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Jim, all that I have seen is that Al authenticates that the frame was reinforced when he saw it in 1966. He does not authenticate it as having come from the factory in 1948.

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Jim, all that I have seen is that Al authenticates that the frame was reinforced when he saw it in 1966. He does not authenticate it as having come from the factory in 1948.

Yes, that is the thing. I have much respect for Al Pruiett (I worked for his shop in the 1980s) and if he says the parts are authentic that adds credibility with me. But the car was still assembled from parts. At least they are mostly actual Tucker parts, but still parts.

Of course my opinion means little on this as I don't have $2,000,000.

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Does anyone know what the final bid was? Did it reach reserve?

I don't know. I got out of the bidding at 750,000. LOL!...........

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If this Tucker had been finished as a standard four door sedan (instead of a convertible), do you think the car would be more acceptable to the old car community? I seem to recall that after the factory was closed, several Tuckers were built from leftover parts. Are those cars considered "real" Tuckers, or does controversy follow them as well?

.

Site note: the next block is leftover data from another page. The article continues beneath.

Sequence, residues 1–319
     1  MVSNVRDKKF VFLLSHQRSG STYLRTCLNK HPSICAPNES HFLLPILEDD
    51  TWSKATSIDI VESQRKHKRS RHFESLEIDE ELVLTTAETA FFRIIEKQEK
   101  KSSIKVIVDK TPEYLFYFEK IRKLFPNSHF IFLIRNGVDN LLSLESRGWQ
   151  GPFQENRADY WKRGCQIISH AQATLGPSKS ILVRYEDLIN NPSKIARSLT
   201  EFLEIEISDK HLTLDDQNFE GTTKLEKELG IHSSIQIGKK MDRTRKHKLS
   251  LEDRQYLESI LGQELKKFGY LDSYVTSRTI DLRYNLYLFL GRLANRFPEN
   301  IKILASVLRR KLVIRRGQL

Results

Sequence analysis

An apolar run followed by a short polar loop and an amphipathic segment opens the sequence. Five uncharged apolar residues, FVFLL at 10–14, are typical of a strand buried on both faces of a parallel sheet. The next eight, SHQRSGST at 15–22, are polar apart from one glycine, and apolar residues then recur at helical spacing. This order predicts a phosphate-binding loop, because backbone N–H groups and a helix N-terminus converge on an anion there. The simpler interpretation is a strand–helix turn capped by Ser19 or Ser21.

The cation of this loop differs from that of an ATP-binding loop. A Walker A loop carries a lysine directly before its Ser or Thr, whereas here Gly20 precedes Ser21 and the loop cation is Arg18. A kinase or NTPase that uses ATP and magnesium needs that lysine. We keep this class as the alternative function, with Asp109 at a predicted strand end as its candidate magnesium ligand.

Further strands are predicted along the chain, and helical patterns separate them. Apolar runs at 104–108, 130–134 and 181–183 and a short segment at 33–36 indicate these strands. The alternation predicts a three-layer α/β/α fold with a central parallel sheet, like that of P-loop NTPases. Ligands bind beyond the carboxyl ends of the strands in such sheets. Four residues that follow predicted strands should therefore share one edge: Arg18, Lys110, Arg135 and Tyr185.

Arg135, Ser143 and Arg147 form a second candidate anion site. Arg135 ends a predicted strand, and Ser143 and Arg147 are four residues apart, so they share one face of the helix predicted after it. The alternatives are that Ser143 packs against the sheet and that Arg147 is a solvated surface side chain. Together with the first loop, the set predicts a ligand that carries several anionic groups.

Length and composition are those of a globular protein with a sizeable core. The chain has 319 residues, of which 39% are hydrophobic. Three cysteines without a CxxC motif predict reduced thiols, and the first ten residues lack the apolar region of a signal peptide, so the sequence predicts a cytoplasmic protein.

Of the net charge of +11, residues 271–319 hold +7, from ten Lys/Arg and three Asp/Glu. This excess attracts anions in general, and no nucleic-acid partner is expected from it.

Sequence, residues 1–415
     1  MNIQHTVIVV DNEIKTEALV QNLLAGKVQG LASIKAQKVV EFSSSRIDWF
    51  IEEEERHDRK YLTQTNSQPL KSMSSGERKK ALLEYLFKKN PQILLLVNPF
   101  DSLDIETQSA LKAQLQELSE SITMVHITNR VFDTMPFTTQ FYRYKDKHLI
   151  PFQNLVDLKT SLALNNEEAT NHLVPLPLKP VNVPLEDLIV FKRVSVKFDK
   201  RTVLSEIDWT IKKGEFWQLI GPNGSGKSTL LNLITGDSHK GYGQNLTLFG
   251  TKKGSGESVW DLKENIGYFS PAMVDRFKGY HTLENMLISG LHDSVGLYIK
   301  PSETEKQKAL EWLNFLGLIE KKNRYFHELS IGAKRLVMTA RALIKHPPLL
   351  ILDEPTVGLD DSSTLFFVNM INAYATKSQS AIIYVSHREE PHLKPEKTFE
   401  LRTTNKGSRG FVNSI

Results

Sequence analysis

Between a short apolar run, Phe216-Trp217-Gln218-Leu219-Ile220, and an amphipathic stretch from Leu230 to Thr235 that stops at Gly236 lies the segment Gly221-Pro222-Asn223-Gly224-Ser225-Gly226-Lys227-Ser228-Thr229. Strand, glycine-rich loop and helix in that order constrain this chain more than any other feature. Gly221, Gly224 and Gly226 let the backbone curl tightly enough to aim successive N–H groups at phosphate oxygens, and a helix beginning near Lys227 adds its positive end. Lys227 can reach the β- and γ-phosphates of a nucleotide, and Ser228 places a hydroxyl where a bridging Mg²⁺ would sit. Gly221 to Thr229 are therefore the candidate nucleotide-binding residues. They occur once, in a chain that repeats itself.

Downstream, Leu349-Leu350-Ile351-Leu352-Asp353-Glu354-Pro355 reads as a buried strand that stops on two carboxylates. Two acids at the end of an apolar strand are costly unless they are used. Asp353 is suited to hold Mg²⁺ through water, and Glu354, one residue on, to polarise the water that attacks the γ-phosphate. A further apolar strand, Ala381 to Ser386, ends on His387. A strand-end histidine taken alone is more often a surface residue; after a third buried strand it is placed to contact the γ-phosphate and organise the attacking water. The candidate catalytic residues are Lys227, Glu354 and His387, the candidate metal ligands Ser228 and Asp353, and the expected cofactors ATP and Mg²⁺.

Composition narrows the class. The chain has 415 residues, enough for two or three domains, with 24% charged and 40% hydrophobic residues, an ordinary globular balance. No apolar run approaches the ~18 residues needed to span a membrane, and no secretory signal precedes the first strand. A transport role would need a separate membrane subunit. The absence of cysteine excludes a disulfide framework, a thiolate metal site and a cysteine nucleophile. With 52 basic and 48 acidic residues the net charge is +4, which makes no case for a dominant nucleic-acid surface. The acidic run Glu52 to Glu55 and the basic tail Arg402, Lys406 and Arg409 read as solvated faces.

.

.

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In my opinion, If they were completed cars that were initially left incomplete when the factory was closed, and were completed as originally designed, they would be accepted without problem. They would be just as AACA eligible as another production car that was restored using NOS parts or correct aftermarket parts.

If they appear as originally available from the manufacturer, they would be accepted like any other restored car.

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I'm still finding it amazing that here on this forum the originality of the convertible Tucker is under the microscope regularly. Does anyone know what the price of a Tucker hardtop would be if one were available?

The ebay auction to me demonstrated that somebody or a few interested buyers really like the car.

I believe if we keep discussing this vehicle it will eventually be so popular that the 1.5 mil price listed in Hemmings will be met.